Before seeking preapproval, it's crucial to be aware of your credit score (FICO score), which typically ranges from 300 to 850. Obtain your credit report from, ensuring there's no suspicious activity that needs resolution. Note that while this report details your credit history, it doesn't provide your credit score. You can obtain your score through your bank, credit card company, loan statement, credit score service, or by consulting a non-profit credit counselor.

Given that different consumer reporting companies (Experian, TransUnion, and Equifax) calculate scores differently, you may have multiple credit scores. Once you know your score, interpret it as follows:

  • Excellent credit (720 or above): Qualify easily for various mortgages with favorable interest rates and low fees.

  • Good credit (680-719): Likely qualify for a mortgage with a decent interest rate and standard fees.

  • Fair credit (620-679): May qualify, but options could be limited with higher interest rates and fees.

  • Poor credit (580-619): Qualification may be challenging, with limited options and higher interest rates and fees.

  • Bad credit (350-579): Generally difficult to qualify for a mortgage, though some exceptions may exist.

How to Identify a Mortgage Lender

Mortgage lenders come in various types, each with distinct characteristics. Direct lenders, such as banks and credit unions, are the most prevalent and interact directly with homebuyers. When dealing with direct lenders, you typically collaborate with a single loan officer throughout the entire homebuying process.

Another category of lenders is mortgage brokers, who act as intermediaries between you and a lender. While mortgage brokers charge a small fee for their services, initially covered by the lender, the cost is eventually passed on to you through the loan. The advantage of working with a mortgage broker lies in their ability to negotiate the best loan terms by partnering with multiple loan providers.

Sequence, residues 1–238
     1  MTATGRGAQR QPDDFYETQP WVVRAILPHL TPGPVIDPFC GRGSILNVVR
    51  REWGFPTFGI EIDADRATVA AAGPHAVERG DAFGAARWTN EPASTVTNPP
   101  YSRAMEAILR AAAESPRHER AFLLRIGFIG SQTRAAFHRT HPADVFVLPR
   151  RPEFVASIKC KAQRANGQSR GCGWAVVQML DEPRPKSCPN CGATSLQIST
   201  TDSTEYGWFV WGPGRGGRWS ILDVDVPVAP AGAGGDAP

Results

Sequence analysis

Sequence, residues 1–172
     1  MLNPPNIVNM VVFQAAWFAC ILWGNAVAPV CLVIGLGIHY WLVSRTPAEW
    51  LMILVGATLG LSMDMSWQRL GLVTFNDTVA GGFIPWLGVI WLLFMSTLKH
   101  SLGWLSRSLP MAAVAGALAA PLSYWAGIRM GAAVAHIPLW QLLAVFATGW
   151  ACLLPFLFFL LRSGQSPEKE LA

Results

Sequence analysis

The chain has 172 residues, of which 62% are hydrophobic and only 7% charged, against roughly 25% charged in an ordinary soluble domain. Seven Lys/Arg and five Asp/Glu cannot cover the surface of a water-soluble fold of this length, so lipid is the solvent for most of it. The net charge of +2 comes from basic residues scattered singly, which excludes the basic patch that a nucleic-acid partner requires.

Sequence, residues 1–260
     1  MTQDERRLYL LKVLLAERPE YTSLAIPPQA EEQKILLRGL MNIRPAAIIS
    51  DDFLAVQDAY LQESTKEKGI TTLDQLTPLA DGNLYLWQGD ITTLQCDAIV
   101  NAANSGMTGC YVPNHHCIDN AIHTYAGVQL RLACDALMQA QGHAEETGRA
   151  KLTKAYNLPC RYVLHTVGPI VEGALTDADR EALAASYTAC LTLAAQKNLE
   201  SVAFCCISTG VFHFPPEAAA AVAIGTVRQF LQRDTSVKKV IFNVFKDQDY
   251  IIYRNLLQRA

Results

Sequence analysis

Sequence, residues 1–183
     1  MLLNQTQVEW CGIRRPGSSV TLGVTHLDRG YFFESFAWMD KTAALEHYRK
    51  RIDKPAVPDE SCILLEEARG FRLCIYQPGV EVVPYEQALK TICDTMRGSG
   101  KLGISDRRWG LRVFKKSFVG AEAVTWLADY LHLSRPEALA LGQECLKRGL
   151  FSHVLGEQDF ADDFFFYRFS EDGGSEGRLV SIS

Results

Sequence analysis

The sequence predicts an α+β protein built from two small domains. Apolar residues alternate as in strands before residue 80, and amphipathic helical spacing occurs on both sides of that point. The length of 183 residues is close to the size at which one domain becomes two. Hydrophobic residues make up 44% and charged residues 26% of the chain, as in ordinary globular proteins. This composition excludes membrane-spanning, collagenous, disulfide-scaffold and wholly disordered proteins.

For those facing challenges in securing a traditional mortgage, hard money lenders may be an alternative, although it carries certain risks. Hard money lenders are private investors prioritizing property value over your ability to repay the loan, making them less concerned about your credit score or income. However, they often demand repayment within a relatively short period, ranging from one to five years, and their fees can be substantial.

If you find yourself uncertain about the type of lender or where to start looking, seek guidance from your real estate agent. With their experience, agents have likely collaborated with various loan providers and can offer valuable recommendations. Your agent can also assist you through the preapproval process, providing answers to your queries along the way.